Structural sheathing can be used to extend above and below stringers to allow for taping with joint compound.
Factory made attic drop-down stair assemblies that are fully gasketed and include a rigid insulation panel much like an exterior insulated door are a great simple solution.
The Original Stira Folding Attic Stairs is designed to be a strong domestic attic stairs that will last a lifetime.
It has unique design features that allow the stairs to be highly flexible so it can be custom built either for extra high ceilings, extra large trapdoor openings or for tight spaces where walls obstruct the normal use of a folding attic stairs or loft ladder.
We make a range of standard sizes that would suit most homes with ceiling heights up to 9ft high. We know every house is different as we have personally fitted our attic stairs in many different types of building over the course of 30 years.
If our extensive range of standard off the shelve stairs can’t meet your needs we are one of the only major manufacturers of attic stairs that will custom build an attic stairs to meet our customers actual requirements.
Your company were a pleasure to deal with. Fergal was just fantastic – really helpful and obliging. He was a dream tradesman – did a perfect job and cleaned everything up after himself ( I had visions of hoovering for a week!).
Based on this experience we will be recommending Stira to all our friends.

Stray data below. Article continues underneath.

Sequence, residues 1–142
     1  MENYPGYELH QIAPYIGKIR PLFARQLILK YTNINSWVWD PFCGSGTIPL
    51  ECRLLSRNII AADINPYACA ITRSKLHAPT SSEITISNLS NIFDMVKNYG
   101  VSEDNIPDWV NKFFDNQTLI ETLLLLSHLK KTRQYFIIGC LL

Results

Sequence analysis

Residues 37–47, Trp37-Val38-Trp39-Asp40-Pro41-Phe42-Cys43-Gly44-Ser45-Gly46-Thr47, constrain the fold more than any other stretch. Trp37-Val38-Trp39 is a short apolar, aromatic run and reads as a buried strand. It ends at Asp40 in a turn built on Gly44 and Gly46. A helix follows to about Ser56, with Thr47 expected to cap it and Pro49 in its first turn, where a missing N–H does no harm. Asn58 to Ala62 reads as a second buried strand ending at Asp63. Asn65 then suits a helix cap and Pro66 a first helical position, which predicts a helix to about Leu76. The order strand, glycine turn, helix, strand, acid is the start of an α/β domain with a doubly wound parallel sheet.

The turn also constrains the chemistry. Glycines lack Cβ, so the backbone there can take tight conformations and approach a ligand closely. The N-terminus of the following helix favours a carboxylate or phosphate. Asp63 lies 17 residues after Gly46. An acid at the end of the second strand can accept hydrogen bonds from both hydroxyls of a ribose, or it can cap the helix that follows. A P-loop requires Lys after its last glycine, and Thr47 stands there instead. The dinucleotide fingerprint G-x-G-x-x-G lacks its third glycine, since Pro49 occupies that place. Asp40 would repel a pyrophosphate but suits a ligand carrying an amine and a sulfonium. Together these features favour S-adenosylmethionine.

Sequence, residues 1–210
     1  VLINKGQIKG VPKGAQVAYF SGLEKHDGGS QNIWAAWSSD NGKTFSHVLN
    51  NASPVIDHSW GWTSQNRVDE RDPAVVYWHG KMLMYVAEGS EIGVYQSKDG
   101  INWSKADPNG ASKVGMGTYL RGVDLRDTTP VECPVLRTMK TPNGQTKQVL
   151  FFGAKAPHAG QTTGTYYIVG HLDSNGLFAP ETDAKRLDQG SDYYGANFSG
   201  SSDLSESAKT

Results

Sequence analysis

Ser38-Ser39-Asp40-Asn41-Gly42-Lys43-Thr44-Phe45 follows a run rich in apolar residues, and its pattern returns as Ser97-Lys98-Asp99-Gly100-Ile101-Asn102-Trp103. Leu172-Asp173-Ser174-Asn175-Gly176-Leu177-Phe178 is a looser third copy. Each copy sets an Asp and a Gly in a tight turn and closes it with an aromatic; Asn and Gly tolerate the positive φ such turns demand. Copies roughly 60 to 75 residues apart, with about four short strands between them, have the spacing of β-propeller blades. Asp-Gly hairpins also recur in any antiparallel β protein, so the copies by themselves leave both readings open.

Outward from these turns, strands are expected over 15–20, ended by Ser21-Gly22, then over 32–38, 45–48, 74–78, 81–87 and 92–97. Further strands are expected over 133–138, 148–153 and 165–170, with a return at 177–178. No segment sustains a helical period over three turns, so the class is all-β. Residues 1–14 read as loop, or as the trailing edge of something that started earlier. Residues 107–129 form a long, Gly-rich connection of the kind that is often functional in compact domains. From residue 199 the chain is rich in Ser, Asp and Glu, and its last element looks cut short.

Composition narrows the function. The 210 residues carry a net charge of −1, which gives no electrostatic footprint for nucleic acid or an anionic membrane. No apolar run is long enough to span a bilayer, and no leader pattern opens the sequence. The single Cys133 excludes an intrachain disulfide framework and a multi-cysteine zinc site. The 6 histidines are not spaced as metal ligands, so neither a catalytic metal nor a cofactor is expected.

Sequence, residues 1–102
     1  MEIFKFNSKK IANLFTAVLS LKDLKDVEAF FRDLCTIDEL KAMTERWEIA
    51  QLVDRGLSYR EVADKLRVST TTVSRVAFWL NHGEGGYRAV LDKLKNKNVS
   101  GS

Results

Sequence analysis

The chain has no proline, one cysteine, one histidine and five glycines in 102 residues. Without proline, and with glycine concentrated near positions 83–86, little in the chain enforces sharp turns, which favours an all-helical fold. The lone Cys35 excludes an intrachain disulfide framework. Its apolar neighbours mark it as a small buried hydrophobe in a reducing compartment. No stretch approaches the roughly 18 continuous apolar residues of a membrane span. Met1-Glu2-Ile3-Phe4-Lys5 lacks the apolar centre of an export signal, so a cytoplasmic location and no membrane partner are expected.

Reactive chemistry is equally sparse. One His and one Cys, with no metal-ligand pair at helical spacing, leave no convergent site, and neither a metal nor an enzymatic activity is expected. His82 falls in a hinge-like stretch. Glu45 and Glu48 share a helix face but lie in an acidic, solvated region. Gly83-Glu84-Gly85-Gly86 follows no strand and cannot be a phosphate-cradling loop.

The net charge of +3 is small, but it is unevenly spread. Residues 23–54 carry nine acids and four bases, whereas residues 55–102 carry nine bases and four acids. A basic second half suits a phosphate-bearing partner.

Just a brief note of thanks for a very efficient service and excellent standard of installation done by your colleague Gerry today at Blackwater, Wexford. Continued success for the future, please feel free to use us as reference for any more installs in the Wexford area.
Rang the office to compliment the fitter Seamus Burke. Very efficient.
First of all thanks for reading my article to the end! I hope you find my reviews listed here useful and that it allows you to make a proper comparison of what is best to fit your needs and budget. Don’t be afraid to try more than one product if your first pick doesn’t do the trick.
Most important, have fun and choose your attic ladder wisely! Good luck!
So, TOP3 of attic ladder
- №1 — Louisville Ladder AA2210 Elite Aluminum Attic Ladder Type IAA
- №2 — OxGord Aluminum Telescopic 12.5 Feet Heavy Duty Extendable Work
- №3 — Louisville Ladder AA229GS Elite Aluminum Attic Ladder 350 Pound Capacity 22.5-Inch by 54-Inch Opening Ceiling Height 7-Foot-9-Inches to 10-Foot